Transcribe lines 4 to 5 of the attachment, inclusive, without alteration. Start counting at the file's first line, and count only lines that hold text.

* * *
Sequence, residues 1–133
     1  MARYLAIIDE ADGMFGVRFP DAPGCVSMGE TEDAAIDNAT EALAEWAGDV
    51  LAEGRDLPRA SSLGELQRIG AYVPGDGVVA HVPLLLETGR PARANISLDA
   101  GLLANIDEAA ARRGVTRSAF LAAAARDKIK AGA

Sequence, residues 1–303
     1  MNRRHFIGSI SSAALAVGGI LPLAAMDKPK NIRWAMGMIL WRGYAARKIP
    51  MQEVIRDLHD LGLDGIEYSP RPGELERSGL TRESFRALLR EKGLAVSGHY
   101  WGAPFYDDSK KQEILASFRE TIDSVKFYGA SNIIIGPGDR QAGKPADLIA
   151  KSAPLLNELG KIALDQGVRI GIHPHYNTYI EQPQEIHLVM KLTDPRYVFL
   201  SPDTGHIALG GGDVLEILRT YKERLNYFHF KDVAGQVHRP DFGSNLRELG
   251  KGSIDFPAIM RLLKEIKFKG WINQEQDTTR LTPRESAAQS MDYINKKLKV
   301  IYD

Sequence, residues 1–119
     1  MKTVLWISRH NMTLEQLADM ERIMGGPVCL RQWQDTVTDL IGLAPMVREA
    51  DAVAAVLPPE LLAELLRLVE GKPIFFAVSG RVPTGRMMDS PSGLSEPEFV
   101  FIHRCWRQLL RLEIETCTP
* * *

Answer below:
   101  GLLANIDEAA ARRGVTRSAF LAAAARDKIK AGA

Sequence, residues 1–303